The exhibition takes us on a journey back through time to the origin of life. How did life first get started? Where can we still find traces of the earliest life forms today? Why is it important to look at the past in order to develop an understanding of why biodiversity is so relevant in today’ world?
International ongoing exhibitions
There are scientific predictions that more than one third of all living species are threatened with extinction because of the effects of human activity. Since the very beginning of life, organisms depend on and influence one another. Living things do not exist in isolation, they live off and with each other. Therefore, we have all long been aware that life itself is threatened on planet Earth.
The exhibition invites us to look at the emergence of life through artistic works from modern times to the present, complemented by scientific exhibits from the early days of life, right now, at this crossroads of a global climate and biodiversity crisis.
The early days of life were in the Precambrian, Cambrian, and subsequent Ordovician geologic time periods; at the end of these there was a mass extinction. The exhibition thus covers the period from about 3.8 billion years ago to 444 million years Before Present (BP). The exhibition is a joint project with the Natural History Museum, Karlsruhe. The fossils on display are evidence of the evolutionary processes described by Charles Darwin in his mid-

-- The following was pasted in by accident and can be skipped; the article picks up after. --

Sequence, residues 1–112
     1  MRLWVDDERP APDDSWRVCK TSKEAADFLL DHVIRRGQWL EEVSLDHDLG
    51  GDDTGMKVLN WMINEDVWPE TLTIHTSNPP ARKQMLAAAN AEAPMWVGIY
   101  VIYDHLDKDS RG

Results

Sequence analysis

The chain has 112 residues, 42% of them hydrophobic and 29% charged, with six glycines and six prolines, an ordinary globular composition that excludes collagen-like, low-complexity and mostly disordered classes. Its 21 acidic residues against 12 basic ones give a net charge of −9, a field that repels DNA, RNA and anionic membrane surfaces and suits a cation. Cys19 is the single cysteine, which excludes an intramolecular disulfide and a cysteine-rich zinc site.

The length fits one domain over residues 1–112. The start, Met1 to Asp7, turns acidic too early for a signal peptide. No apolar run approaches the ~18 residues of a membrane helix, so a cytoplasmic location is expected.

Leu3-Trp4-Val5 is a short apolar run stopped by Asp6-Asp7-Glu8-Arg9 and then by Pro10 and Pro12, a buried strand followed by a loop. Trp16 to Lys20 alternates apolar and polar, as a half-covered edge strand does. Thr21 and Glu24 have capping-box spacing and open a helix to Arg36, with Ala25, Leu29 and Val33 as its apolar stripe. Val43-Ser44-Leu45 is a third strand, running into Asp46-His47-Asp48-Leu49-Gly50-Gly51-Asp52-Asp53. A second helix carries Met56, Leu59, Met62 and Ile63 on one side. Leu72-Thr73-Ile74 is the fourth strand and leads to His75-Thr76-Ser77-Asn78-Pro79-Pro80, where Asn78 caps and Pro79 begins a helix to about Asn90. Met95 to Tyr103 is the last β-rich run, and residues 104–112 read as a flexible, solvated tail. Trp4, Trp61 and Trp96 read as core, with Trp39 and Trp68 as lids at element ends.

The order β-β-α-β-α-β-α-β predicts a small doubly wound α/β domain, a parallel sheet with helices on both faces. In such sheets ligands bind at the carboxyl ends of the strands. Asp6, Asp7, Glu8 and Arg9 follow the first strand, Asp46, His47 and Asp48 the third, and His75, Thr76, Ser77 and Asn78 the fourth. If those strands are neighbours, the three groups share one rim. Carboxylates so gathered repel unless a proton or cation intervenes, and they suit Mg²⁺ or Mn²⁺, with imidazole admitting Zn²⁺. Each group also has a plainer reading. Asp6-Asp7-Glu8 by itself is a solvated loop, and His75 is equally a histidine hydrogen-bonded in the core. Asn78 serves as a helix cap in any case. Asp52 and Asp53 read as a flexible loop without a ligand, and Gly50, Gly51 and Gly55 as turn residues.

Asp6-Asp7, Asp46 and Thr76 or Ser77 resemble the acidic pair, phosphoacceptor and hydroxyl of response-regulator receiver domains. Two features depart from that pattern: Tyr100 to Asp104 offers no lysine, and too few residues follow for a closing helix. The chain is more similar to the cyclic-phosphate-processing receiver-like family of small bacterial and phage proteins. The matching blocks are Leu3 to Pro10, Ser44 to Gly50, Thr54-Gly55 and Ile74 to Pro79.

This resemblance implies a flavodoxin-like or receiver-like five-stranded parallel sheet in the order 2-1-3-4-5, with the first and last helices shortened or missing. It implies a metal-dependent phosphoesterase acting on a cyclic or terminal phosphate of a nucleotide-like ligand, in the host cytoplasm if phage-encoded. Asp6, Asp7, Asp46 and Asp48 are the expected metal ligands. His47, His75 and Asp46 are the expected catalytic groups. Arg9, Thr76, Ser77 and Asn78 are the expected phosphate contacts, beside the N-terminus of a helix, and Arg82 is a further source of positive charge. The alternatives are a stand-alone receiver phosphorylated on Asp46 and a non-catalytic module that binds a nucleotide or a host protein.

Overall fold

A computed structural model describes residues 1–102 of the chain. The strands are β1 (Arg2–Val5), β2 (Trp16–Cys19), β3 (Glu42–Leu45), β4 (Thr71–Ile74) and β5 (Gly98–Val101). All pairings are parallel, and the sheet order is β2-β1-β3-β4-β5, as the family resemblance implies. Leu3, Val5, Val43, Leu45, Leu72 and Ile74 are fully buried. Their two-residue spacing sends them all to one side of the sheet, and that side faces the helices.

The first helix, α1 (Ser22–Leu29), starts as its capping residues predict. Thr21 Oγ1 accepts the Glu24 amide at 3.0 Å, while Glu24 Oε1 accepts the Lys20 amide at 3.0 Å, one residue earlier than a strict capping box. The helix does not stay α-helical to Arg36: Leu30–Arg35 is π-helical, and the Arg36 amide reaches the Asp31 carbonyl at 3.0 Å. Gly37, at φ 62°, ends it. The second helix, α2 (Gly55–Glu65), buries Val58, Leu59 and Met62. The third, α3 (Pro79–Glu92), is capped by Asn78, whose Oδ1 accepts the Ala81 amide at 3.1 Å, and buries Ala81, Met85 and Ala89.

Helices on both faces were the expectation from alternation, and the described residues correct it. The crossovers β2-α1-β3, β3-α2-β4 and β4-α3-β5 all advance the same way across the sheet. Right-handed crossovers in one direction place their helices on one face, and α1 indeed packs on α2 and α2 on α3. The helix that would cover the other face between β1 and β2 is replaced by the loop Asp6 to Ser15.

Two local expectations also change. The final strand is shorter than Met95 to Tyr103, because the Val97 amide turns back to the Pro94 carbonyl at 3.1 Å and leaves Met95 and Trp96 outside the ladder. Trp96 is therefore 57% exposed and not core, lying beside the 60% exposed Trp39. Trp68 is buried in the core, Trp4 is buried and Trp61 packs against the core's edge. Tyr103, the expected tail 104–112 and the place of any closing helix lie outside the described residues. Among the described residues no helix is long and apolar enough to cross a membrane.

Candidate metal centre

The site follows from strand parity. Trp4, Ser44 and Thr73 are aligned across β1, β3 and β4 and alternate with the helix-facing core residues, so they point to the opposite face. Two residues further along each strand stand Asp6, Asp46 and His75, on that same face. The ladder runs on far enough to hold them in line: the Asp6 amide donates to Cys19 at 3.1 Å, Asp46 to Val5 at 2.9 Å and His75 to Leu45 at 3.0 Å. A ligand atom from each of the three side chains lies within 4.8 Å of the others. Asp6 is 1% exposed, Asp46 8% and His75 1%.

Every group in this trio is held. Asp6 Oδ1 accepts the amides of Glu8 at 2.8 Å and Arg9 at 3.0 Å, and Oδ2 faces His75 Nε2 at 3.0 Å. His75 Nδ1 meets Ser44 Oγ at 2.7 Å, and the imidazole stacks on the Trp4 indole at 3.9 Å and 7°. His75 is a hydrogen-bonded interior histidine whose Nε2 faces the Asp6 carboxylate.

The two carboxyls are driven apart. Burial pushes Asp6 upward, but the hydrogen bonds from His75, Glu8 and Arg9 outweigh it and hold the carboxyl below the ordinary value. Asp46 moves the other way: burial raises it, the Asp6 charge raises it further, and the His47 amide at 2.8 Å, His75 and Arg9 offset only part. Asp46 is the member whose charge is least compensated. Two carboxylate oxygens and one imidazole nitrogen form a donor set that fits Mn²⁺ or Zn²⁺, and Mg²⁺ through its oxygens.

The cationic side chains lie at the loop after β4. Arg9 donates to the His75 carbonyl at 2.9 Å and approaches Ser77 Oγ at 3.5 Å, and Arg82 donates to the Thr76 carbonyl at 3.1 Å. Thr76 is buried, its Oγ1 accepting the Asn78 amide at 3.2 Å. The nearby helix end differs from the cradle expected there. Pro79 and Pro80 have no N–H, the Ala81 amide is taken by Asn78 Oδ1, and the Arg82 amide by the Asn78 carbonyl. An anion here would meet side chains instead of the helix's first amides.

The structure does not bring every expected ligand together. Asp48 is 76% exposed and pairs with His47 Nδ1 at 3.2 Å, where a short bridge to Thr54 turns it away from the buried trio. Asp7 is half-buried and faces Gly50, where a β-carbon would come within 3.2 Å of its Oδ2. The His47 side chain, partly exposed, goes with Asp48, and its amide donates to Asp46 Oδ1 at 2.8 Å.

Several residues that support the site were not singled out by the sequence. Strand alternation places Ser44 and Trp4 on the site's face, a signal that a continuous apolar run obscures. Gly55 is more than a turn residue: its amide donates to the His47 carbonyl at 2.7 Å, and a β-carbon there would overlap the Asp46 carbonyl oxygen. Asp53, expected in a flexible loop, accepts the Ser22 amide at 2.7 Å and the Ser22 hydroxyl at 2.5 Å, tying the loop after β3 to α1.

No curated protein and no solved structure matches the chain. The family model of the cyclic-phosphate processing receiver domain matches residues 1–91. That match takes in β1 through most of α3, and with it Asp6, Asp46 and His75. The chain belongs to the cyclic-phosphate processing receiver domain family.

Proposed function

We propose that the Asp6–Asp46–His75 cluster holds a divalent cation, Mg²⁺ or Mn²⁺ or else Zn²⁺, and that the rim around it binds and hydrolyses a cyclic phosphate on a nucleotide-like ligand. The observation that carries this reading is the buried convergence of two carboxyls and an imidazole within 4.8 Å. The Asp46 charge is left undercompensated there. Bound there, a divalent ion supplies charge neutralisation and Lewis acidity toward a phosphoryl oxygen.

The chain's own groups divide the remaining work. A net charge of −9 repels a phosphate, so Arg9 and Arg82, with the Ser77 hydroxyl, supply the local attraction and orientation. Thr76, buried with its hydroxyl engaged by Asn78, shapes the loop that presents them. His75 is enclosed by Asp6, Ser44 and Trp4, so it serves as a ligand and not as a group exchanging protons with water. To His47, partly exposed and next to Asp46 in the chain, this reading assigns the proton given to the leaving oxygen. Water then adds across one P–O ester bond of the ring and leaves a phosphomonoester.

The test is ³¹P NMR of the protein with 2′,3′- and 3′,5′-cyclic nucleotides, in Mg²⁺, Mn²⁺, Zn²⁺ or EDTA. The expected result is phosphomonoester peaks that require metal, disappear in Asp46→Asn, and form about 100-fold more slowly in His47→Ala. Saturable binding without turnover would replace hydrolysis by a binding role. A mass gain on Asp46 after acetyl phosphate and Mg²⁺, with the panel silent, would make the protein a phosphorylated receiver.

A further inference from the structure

Memo Akten, Suzanne Anker, Hans Arp, Brett Baker & Laura Hug, Willi Baumeister, Sonia Mehra Chawla, Paul Rosero Contreras, James Darling & Lesley Forwood, Anna Dumitriu & Alex May, ecoLogicStudio (Claudia Pasquero & Marco Poletto), Max Ernst, Thomas Feuerstein, Ernst Haeckel, Jens Harder, Aleš Hieng, Ida Hiršenfelder, Robertina Šebjanič, Institute for Biological Interfaces 1, Karlsruhe Institute of Technology (KIT), Manfred Kage, Agnieszka Kurant, Sonia Levy, Bernd Lintermann, Derek Hauffen, Martin Lisec, Andy Lomas, Len Lye, Louise Mackenzie, Reiner Maria Matysik, Joan Miró, Jakub Nepraš, OOZE (Eva Pfannes & Sylvain Hartenberg), Dan Rees, Maija Tammi, Yves Tanguy, Xandra van der Eijk, Martin Walde, Carmel Wallace
Curated by: Norbert Lenz, Peter Weibel with Eduard Harms, Hannah Jung, Philipp Ziegler
The exhibition The Beauty of Early Life takes place in the context of the thematic focus It's about Life at ZKM. Other exhibitions in this focus include BioMedia. The Age of Media with Life-
© James Darling and Lesley Forwood. Visual: Matter Of.
Exhibition 26 March -
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